“They had warned that poor workers must not be allowed to vote because, given the chance, they would insist on a redistribution of wealth.”
Black history is vast and we have only begun to scratch its surface.
Place is defined by the stories we tell, and each place has a story that must be told.
In my fear, I was convinced that if I could amass a group of Black women, the sight of us would bring this dangerously behaving man to his senses.
If this new format elicits reactions, we will continue with this book in subsequent discussion guides, and apply this concept to other books in the future.
During the pandemic I began seeing even more potential in fragments, particularly as they reflect the innately feminist act of finding the whole in the part.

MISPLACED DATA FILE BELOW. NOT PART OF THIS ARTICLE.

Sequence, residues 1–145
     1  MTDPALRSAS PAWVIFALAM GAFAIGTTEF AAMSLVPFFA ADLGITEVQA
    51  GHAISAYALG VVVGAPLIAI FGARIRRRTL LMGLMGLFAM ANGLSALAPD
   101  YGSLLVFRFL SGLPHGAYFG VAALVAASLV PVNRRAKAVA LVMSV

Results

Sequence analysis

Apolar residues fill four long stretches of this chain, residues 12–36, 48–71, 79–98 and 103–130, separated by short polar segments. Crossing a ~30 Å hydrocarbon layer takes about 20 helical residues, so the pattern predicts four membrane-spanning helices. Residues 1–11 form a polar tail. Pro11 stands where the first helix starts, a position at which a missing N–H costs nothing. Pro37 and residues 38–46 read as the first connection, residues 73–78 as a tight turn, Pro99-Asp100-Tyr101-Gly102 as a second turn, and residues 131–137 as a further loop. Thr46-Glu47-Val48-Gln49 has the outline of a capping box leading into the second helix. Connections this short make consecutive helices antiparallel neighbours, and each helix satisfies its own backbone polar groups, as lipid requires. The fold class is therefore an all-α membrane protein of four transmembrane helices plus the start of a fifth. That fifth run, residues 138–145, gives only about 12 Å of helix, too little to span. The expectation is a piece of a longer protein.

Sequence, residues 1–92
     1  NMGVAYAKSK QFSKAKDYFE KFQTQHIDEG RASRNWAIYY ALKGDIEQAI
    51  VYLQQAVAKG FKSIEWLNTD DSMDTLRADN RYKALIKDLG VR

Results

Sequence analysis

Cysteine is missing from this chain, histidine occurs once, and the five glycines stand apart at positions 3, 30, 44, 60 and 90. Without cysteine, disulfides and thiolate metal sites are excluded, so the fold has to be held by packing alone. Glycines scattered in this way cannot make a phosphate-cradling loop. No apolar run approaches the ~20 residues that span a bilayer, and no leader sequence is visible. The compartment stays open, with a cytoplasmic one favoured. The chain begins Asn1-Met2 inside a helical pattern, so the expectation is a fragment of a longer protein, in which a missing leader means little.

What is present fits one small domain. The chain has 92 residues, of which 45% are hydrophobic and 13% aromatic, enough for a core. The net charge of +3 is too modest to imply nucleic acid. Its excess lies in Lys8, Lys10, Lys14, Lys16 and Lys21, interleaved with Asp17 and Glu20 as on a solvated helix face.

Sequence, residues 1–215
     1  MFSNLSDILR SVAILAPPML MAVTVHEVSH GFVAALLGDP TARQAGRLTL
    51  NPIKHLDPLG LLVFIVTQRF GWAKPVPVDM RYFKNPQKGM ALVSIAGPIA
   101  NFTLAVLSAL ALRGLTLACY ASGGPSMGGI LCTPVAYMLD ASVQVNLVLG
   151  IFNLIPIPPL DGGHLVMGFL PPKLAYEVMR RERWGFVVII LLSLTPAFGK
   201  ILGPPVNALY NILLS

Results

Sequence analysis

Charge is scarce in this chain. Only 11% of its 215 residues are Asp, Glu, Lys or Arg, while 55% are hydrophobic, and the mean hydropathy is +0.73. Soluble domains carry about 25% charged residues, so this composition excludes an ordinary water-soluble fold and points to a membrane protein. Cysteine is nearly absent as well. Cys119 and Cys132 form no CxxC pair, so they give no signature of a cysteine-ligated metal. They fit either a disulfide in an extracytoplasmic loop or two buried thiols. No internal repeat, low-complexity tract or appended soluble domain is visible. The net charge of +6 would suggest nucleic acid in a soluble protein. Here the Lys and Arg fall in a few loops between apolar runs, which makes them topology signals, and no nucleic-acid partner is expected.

This is derived from “35 Years of Minnesota Women.“
“Your life of luxury is about to end. I heard we’re getting a new resident today.”
As winter approaches, and the challenges of a year like no other continue to test us, we look for comfort wherever we can find it.
I began to write, and reach out to, and speak up for those who share dark experiences.
“What people look like … is the visible cue to their caste. It is the historic flash card to the public of how they are to be treated, where they are expected to live, what kinds of positions they are expected to hold…”
They remind me that I am not alone — that I am living in space and time with individuals who have survived the unimaginable, who believe still in the goodness of people, and the value of being alive.